A trust is a legal relationship created to hold and invest property for the benefit of one or several others (the “beneficiaries”). The person transferring property to the trust is known as either the “donor”, “settlor”, or “grantor”. With a trust arrangement, property is transferred to one or more persons (the “trustee” or “trustees”) who are under a legal obligation to hold, manage, invest and distribute the property.
Some of the trusts you might consider using are:
A revocable trust is a legal instrument that is similar to a will. Like a will, the terms of your Revocable Trust can be altered or amended at any time by you and you can terminate the trust at your discretion. However, where a will does not take effect until a person’s death, a revocable trust can be used immediately simply by transferring assets into the name of the trust. If you create a Revocable Trust during your lifetime you, generally, will still need to create a Will to distribute any assets you did not, of could not, transfer to your Revocable Trust.
Use of a Revocable Trust not only gives you more control how your assets are managed after your death, but also can avoid probate when properly set up. Probate can be time-consuming, slow, and result in additional legal costs. If avoiding Probate is an important goal, a Revocable Trust can help.
An irrevocable trust is a valuable estate-planning tool. In contrast to the revocable trust, the terms of an irrevocable trust cannot be altered or amended by the Grantor. With an Irrevocable Trust, the Grantor must give up complete control over those assets transferred into the trust to an independent Trustee. The independent trustee, in turn, is the individual who manages the assets for the benefit of the trust beneficiaries.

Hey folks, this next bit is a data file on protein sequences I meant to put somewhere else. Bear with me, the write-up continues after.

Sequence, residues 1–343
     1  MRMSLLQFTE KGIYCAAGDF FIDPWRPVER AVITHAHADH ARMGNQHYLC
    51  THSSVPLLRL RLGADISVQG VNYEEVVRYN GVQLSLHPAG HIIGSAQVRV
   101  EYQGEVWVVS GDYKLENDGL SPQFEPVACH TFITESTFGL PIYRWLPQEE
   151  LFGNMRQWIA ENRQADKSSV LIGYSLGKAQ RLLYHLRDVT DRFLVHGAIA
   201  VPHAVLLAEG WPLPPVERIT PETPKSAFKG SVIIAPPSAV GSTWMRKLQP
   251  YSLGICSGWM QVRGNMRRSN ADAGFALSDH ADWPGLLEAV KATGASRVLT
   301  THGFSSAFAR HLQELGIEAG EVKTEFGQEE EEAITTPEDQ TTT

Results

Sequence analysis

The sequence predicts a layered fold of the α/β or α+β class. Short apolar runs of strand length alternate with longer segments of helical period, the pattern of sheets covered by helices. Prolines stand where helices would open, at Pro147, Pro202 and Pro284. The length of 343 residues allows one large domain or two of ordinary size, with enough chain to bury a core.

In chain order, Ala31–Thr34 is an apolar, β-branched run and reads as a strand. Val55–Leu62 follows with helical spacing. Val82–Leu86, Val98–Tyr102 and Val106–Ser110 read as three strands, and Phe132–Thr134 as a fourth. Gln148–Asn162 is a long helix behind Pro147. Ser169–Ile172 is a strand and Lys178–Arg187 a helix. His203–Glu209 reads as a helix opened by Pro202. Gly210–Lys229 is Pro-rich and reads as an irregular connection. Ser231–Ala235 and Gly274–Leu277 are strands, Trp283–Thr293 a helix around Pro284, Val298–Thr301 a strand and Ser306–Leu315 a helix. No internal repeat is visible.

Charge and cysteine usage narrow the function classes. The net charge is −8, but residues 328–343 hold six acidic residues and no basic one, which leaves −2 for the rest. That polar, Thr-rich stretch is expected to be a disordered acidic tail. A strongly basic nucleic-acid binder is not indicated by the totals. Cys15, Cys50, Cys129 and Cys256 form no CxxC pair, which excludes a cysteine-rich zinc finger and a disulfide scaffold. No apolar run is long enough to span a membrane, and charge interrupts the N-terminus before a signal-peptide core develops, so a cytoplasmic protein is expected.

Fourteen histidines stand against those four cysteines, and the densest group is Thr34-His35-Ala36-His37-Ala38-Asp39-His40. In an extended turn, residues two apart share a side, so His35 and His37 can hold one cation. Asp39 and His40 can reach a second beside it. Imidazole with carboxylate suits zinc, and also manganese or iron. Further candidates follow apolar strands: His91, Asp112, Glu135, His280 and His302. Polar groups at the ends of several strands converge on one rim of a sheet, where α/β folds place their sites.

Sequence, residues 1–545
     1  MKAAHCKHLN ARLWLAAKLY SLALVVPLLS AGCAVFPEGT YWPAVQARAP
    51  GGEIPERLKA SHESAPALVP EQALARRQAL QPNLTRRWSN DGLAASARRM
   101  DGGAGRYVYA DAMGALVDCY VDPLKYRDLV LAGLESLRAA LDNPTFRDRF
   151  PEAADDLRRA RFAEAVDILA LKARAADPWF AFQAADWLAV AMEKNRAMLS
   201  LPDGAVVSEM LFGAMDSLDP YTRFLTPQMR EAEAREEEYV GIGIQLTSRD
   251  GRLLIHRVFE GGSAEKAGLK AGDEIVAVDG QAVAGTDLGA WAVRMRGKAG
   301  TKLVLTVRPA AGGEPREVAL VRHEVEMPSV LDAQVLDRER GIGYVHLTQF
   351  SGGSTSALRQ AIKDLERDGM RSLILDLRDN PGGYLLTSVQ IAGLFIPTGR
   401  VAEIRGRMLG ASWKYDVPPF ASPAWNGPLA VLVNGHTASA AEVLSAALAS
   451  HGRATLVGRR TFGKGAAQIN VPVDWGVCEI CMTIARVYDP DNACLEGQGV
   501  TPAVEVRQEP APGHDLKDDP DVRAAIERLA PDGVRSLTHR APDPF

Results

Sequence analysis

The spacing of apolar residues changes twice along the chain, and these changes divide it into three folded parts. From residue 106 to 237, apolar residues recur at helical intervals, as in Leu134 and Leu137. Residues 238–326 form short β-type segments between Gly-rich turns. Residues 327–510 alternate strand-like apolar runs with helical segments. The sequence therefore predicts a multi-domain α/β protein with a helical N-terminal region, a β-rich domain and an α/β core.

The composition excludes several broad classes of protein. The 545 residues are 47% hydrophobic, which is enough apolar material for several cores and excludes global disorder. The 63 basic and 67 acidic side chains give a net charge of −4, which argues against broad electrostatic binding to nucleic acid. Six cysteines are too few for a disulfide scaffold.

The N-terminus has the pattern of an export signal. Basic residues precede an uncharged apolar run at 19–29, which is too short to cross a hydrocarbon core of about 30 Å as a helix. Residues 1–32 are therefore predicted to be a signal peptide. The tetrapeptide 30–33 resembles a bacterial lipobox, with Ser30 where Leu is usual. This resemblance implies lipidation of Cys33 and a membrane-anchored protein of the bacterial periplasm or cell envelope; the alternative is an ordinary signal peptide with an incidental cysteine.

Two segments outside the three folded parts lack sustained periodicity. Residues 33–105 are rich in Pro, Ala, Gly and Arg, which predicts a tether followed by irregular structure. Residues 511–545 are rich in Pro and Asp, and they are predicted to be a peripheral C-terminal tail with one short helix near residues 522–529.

The benefit of using an irrevocable trust is that, generally, all of the property in the trust, plus all future appreciation on the property, is removed from a person’s taxable estate. This results in a more tax efficient way to transfer wealth to beneficiaries. Property transferred to your beneficiaries through an irrevocable trust will also avoid probate.
There are several different types of irrevocable trusts. These include:
A trust established for younger beneficiaries to provide for education and/or other needs of life.
Bypass and Spendthrift Trusts
A “bypass trust” is an irrevocable trust used to pass down assets to the children at the time of the second parent’s death. It is structured so the children will not have to pay estate taxes on those assets in excess of the current estate tax exemption.
A “spendthrift trust” is a trust that cannot be attacked by a beneficiary’s creditors.
Supplemental Needs Trusts
A trust which allows a physically or mentally disabled or chronically ill person to receive income without reducing their eligibility for the public assistance disability benefits provided by Social Security, Supplemental Security Income, Medicare or Medicaid. Trust assets are used to cover the percentage of a person’s financial needs that are not covered by public assistance payments. The assets held in the trust do not count for the purposes of qualifying for public assistance, as long as they are not used for certain food or shelter expenditures. Assets originally belonging to the disabled individual may be subject to public assistance repayment rules, but, generally, assets provided by third parties are not.
Trusts can be created for advancement of education, public health and comfort, religion, or any other purpose regarded as charitable in law. However, not all benevolent and philanthropic purposes are regarded as charitable unless they are solely and exclusively for the benefit of the public or a class or section of it.
Irrevocable Life Insurance Trusts
An irrevocable trust can be made the owner and beneficiary of all life insurance, removing the proceeds from the estate of the insured and the insured’s spouse.
Generation Skipping Trusts
A trust in which the property is passed down to the grantor’s grandchildren, not the grantor’s children. The generation to which the grantor’s children belong skips the opportunity to receive the assets in order to avoid the estate taxes that would apply if the assets were transferred to them.
A valid pet trust is for the care of one or more of the grantor’s pets after the death of the grantor. The trust terminates on the death of the pet and the law limits the amount of property that can be left for the animals’ care.
For more information about trusts or a free consultation, contact us.
This article is not intended to constitute legal advice, and should not be construed as a substitute for professional legal advice from a licensed attorney.